A List of All the Biases That Prevent Me From Considering Drake One of the Greatest Rappers Ever (Which He, Unfortunately, Is)

Illustration for article titled A List of All the Biases That Prevent Me From Considering Drake One of the Greatest Rappers Ever (Which He, Unfortunately, Is)
Photo: Claus Andersen (Getty Images)

1. He reminds me of hotel shampoo so much that I’ve just started calling him Hotel Shampoo.

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2. The irrational and disproportionate emotional and spiritual attachment I have to the rappers I listened to and loved when I was younger, which makes it more difficult for a “newer” person to move me.

3. He’s never released an album I’d consider a classic. (His best, If You’re Reading This It’s Too Late, falls short of that status.) But perhaps this is an anachronistic way of assessment, when our primary means of consuming music now is on streaming platforms, and we can just make playlists of the shit we like. Does having a great album still matter if you’ve either released or been featured on (at least) 50 culturally relevant and zeitgeist-infesting songs in a 12-year span—which Hotel Shampoo definitely has?

4. His verses are book blurbs stitched together. Just quotable after quotable after quotable with no real cohesion. (Can you remember him ever telling a story? And not even a Nas-level story, but like Jigga on “Meet the Parents” or Weezy on “Mona Lisa”?)

But he makes it work. The quotable/catchphrase thing is a talent. For instance, Hotel Shampoo ain’t invent the word “fancy,” but he definitely had/has people saying “oh you fancy” after “Fancy.” Same thing with YOLO. And “woes.” And “You wasn’t with me shootin’ in the gym.” And so many other words and lines that feel, well, corny as fuck, but also became ubiquitous.

His verses feel and sound easy, like he spent 15 minutes writing them and five recording them, but there’s a rigor in the performance of ease, and Hotel Shampoo has mastered it.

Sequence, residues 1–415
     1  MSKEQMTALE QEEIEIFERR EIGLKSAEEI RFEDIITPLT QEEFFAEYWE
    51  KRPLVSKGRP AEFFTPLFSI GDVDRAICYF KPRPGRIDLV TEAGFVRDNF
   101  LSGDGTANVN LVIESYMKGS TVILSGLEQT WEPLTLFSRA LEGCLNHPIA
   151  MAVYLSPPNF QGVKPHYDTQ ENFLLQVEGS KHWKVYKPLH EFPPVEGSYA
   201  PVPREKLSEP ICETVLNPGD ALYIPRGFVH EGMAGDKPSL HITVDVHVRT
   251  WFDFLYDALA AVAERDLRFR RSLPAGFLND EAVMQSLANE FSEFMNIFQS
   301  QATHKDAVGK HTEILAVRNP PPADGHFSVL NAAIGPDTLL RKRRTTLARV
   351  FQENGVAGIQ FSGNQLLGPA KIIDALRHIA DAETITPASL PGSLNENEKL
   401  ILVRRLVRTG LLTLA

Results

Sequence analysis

5. I grew up on GZA and Ghost and Biggie and Dre 3000 and Big L and L Boogie and Scarface and others whose lyrics, lines, and verses were so intricate and complex that it made rap/rapping seem so fucking hard. The best rappers have always been considered linguistic geniuses. There’s even genius origin stories and myth-making(s), like how everyone knows that Jay-Z has supposedly never actually written a rhyme.

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There’s never been a time, in the 12 years now that I’ve listened to Hotel Shampoo, where I thought “Wow. Dude is a genius.” But I think what’s happening is that his genius—the quotable/catch phrase thing and his preternatural ability to ride/create trends and be a chameleon—exists in places I don’t value as much as the overtly difficult lyrics.

6. I wouldn’t place him on a list of the 25 best rappers ever. But I feel like we need to have two separate categories for rap goats. You have the “best at rapping” goat list, with people like Black Thought and Jay Elec and Jean Grae on it, and the “best at making rap songs/albums” list, with people like Hotel Shampoo and Kanye West.

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I’m done here. Goodbye!

Damon Young is the editor-in-chief of VSB, a contributing opinion writer for The New York Times, and the author of What Doesn't Kill You Makes You Blacker (Ecco/HarperCollins)

DISCUSSION

straightoutofpangaea
The Thugnificent Pangaean

Drake belongs in the Pitbull and Flo Ridah (?) club of great dance music and made by great music producer and marginal rappers.

Technical rapper or wildly experimental/creative rappers? Not so much.